FOR IMMEDIATE RELEASE
Balikpapan, September 28, 2017. On September 28, 2017, the Norwegian Government announced its distribution of 200 million krone or $25 million USD that will be managed by UNDP and can be accessed by members of the Governors’ Climate and Forests Task Force (GCF). The announcement was made at the GCF Annual Meeting in Balikpapan, East Kalimantan.
The four-day meeting resulted in partnerships with the private sector, particularly with companies in the Tropical Forest Alliance (TFA) as the agendas discussed in the Meeting are aligned with the objectives of TFA 2020.
An important result from the Meeting is the involvement of indigenous people in the GCF dialogue process. Indigenous people representatives from major indigenous organisations – AMAN (Indigenous Peoples Alliance of the Archipelago) from Indonesia, AMPB from Central America, and COICA from the Amazonian River Basin – expressed their readiness to support the agenda to tackle deforestation and promote low-emission development.
Rukka Sombolinggi from AMAN provided an example of partnership in the form of mapping customary areas and identifying customary areas that are currently having problems with companies or local governments. Rukka Sombolinggi stated that there has never been an environmental dialogue process that has directly involved indigenous people.
East Kalimantan Governor Awang Faroek Ishak said: “Forums such as the GCF Annual Meeting are great learning opportunities. It is in these types of forums that we are able to meet and share our experiences, so that we can learn how other states and provinces across the world are promoting green growth in their respective regions.”
The Balikpapan Statement – a document resulting from the Meeting – is the beginning of a multi-phase process to find real and practical ways for achieving sustainable, low-emissions development. The three main Balikpapan Statement priorities are:
- Finding ways for jurisdictions that produce agricultural commodities to work together with supply chain actors to reduce deforestation.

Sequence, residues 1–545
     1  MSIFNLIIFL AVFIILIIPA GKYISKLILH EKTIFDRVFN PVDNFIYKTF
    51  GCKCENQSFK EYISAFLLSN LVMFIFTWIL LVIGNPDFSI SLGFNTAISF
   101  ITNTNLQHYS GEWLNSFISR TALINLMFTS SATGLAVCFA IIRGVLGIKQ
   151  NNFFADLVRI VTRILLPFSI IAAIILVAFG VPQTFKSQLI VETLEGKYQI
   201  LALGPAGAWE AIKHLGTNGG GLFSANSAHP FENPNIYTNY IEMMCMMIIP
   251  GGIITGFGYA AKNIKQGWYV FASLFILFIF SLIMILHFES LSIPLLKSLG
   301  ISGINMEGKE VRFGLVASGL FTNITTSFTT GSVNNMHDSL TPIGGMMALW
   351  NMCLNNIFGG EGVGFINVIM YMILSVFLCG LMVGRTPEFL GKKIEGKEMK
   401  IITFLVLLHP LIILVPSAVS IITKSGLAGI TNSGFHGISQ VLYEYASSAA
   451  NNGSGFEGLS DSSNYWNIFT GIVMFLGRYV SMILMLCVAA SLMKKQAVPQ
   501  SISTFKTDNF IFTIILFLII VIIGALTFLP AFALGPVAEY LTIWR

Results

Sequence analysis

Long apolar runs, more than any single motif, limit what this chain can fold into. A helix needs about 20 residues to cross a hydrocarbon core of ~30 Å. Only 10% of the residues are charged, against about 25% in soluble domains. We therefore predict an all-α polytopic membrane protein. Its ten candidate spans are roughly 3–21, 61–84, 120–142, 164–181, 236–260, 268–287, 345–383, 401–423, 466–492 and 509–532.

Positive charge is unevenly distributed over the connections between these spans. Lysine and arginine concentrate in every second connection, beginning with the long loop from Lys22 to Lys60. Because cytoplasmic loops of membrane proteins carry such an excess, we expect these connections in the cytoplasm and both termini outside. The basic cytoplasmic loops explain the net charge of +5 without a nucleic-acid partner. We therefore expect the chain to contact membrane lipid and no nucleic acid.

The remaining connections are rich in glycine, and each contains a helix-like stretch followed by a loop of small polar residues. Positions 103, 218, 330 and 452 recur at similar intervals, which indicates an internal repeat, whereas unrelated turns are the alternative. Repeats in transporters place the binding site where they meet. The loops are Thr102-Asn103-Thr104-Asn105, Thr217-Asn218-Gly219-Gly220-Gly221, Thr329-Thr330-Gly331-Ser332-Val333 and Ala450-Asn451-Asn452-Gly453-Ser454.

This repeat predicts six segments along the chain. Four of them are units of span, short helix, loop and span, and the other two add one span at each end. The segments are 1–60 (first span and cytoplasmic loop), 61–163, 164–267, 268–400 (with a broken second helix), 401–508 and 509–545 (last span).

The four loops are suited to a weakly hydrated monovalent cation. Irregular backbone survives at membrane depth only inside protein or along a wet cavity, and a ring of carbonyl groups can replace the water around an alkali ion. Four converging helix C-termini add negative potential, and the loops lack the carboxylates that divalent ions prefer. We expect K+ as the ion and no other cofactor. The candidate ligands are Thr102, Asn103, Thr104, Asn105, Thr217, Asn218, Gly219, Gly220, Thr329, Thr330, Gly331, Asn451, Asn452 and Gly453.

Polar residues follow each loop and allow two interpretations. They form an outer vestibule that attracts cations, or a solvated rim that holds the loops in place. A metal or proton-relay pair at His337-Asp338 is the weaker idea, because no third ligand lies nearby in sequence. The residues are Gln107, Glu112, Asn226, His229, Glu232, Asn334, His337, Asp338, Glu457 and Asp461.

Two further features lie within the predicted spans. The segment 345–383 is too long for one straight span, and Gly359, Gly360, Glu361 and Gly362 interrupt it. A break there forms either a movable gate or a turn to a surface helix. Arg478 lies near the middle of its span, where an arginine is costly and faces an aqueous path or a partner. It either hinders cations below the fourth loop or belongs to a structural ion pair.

- Protecting the rights and promoting the welfare of indigenous people and local communities.
- Finding ways to ensure that financial resources flow to support subnational efforts on forests and climate.
GCF Project Lead, William Boyd, stated: “We had two very interesting and productive Governors Working Sessions – one on Indigenous Peoples and one on Supply Chains. We had four Jurisdictional Learning Exchanges – running in parallel to these governors sessions, and it is these kinds of partnerships that promote convergence across the different initiatives on climate and forests that are taking shape all over the world at multiple levels of governance. “
The GCF is optimistic that with the partnerships built after the Balikpapan Statement, the agendas discussed during the four days can be implemented smoothly and catalyze real results in all member states.
GCF Indonesian Secretariat
Institut Penelitian Inovasi Bumi (INOBU)
Governors’ Climate and Forests Task Force
INOVASI BUMI (INOBU)
INOBU is made up of a growing team of experts committed to helping farmers produce commodities without harming the environment and society. INOBU’s team consists of young and innovative Indonesian researchers who have expertise in the fields of environmental policy, economics and the natural and social sciences. From research, INOBU develops policy innovations and IT applications that are tested on the ground and then adopted by partners.
GOVERNOR’S CLIMATE AND FORESTS TASK FORCE (GCF)
Launched in 2009, the Governors’ Climate and Forests Task Force (GCF) was designed to advance jurisdiction-wide approaches to Reducing Emissions from Deforestation and forest Degradation (REDD+). Since then, the GCF has more than tripled its membership and expanded its reach to include members from Brazil, Colombia, Indonesia, Ivory Coast, Mexico, Nigeria, Peru, Spain, and the United States. GCF states and provinces are leading the way in building robust jurisdictional programs to protect forests and climate while enhancing rural livelihoods.